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Opioid Addiction Prevention – with Yossuf Albanawi Founder of Pilleve

 YA_Headshot-3-e1573568590498 Opioid Addiction Prevention – with Yossuf Albanawi Founder of Pilleve In this episode I speak with Yossuf Albanawi, co-founder of Opioid addiction solution, Pilleve.  Yossuf is a graduate of Wake Forest University, he is a fellow at the Halcyon Incubator in Washington DC.

This conversation is about the Opioid crisis.  This is such a huge problem in our society, and we need solutions faster than we are bringing them to market.  While there are traditional resources available for people once they become addicted, there are no solutions on the market focused on preventing addiction effectively. That’s the focus of Pilleve – to prevent addiction to Opioids while still allowing doctors to prescribe these drugs, when necessary, with reduced risk of addiction.

You can connect with Youssef and learn more about his work here: Pilleve Website, Yossuf on LinkedIn, Pilleve on Twitter,


  1. Yossuf shares his experience with addiction at an early age to prescription drugs.  He talks about how his loved ones noticed very early on and sought the help of a professional to intervene.  He gives a great example of how we can help our loved ones if we notice that they need help.
  2. What were some major parts of recovery for you?  Yossuf explains that spirituality, and awareness were the two biggest components of his recovery from addiction.
  3. How did he learn about the scale of the Opioid Crisis?  Yossuf took an entry level job after school at a rehab center.  He did this to learn about what was being treated, why, and how.  He found his purpose there.  He explains how about 10 years ago most of the patients in treatment centers were there for alcohol.  Then it flipped to be mostly Opioids in recent years.
  4. Can Opioid addiction be prevented?  While working at a treatment center, Yossuf wondered about this.  Why can’t we screen for this or treat this like other physical health problems?  Is there a preventative measure we could put in place?  Yes, but he had to build it.  And he has.  Pilleve.The healthcare model in the United States is a fee for service model which means we typically treat people once they are sick or need treatment.  Whether or not that’s a fair or good model is up for debate, but in this system, we have to look for innovation in order to “prevent” problems and that’s what Yossuf has done around the Opioid crisis.

    Heroin addicts traditionally (60%+) begin with a prescription drug abuse.  There is such a huge opportunity to identify this before it happens and then prevent the long-term cost on the person, on companies, on the economy, and on loved ones of that future addict’s problems (death, destruction, in-patient treatment, etc.).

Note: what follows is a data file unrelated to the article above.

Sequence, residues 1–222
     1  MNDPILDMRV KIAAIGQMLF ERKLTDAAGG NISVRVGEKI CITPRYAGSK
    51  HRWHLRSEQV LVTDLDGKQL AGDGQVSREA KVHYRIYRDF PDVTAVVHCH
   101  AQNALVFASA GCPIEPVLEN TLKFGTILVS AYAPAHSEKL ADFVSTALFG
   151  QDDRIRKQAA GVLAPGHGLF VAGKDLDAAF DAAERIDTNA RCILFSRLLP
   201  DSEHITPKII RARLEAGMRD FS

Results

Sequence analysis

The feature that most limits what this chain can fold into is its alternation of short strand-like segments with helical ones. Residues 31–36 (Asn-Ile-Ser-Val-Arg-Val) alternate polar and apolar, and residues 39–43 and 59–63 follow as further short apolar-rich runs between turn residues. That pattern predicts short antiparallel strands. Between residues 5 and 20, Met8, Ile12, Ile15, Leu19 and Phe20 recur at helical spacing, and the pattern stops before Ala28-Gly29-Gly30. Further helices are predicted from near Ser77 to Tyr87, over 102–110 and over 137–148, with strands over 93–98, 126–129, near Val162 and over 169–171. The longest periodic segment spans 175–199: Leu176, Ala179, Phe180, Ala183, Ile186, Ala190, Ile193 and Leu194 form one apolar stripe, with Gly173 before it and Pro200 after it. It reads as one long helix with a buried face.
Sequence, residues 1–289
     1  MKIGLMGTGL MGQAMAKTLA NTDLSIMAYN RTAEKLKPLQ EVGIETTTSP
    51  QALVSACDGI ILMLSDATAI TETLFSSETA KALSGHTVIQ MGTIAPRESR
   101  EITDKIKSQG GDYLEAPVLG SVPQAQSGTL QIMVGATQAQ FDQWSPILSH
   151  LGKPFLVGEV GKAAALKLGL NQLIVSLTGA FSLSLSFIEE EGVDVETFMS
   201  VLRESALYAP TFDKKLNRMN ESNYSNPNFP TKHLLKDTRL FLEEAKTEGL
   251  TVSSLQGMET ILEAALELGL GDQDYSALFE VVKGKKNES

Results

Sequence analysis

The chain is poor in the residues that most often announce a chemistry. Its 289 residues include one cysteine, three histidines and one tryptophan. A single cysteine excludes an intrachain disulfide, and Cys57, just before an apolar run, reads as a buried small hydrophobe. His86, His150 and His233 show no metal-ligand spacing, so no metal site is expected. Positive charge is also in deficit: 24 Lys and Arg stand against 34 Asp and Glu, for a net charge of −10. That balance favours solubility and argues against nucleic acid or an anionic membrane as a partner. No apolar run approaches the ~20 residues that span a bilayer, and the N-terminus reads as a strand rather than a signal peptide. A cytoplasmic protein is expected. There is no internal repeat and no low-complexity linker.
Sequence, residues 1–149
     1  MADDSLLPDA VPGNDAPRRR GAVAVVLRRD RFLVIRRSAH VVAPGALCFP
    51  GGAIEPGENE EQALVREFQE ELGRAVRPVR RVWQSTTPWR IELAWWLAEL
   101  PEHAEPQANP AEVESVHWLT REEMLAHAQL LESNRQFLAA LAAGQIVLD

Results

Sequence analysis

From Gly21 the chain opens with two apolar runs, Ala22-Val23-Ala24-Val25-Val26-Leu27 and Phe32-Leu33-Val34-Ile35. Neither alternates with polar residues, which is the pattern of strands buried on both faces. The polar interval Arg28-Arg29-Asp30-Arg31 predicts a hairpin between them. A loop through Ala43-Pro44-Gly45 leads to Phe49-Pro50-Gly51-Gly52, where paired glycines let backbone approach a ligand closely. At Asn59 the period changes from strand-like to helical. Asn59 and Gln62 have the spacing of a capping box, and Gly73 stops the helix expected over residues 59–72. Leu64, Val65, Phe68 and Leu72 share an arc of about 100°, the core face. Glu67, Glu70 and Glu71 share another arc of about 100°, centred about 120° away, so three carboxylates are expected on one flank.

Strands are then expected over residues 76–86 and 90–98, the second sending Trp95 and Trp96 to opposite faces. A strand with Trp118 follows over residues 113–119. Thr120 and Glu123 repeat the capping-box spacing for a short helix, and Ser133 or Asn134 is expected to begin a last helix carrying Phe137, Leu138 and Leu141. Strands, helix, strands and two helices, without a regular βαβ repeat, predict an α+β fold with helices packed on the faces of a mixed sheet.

5. What is Pilleve?  Pilleve is a smart, secure pill bottle that adapts into existing pharmacy and physician workflows.  The Pilleve bottle and platform tracks, monitors and reports real-time use data to physicians allowing physicians to identify potential addictive behaviors very early.  The Pilleve device makes it safer for doctors to prescribe Opioids to their patients.
  6. What is the high-level mission of Pilleve?  The Company’s mission is to become the controlled drug standard for prescribing, dispensing and using controlled drugs.Pilleve Focuses on Three Main Things:

    Compliance – Making sure people don’t take too much of their medication.  This is very different and needs to be distinctly differentiated from “adherence.”  Adherence is the focus of most who have built solutions in the “prescription pill” market.  Adherence means making sure people take the medications they should.  We are focused on preventing people from taking too much.  Is someone taking too much, or abusing the pills (this is the unique Pilleve focus).

    Reduction – Focused on getting people “off” of the Opioid medication as soon as possible.  This is an application of the data they gather on each patient while they use the medication.

    Diversion – Get the excess pills back to the pharmacy once the patient has recovered.  Today, many pills remain in the medicine cabinet for misuse at a later date, often by someone else in the household.

  7. Are there other smart pill bottles out there?  There are a few smart pill bottle caps and such that are used for monitoring opening and closing by the patient.  These are more focused on adherence, whereas Pilleve is focused on compliance (as described above).  We are focused on taking too much, versus these other solutions, that are focused on whether you take the medication at all.  These are very different behaviors, mindsets and use-cases.
  8. Should drugs be illegal?  A favorite topic these days, we talk about how in some countries (Portugal and Netherlands) the legalization of drugs led to lower crime, lower addiction, and fewer people going to treatment centers.  However, we also talk about how those countries have different dynamics than what exist in the U.S. (different people, different healthcare system, different culture, etc.) so you can’t look at them as a 1:1 comparison on whether or not certain drugs should even be illegal.
  9. How can we de-stigmatize addiction?  This is a huge part of the solution.  It’s our responsibility to make sure addicts get treatment.  We must differentiate between addicts and criminals.  If you are an addict, you are not a criminal (well not by default).We find that when we share our experiences, others react by sharing theirs.  The more this happens, the more stigma reduces and the easier it is to change this perception that an addict, is a criminal by default.

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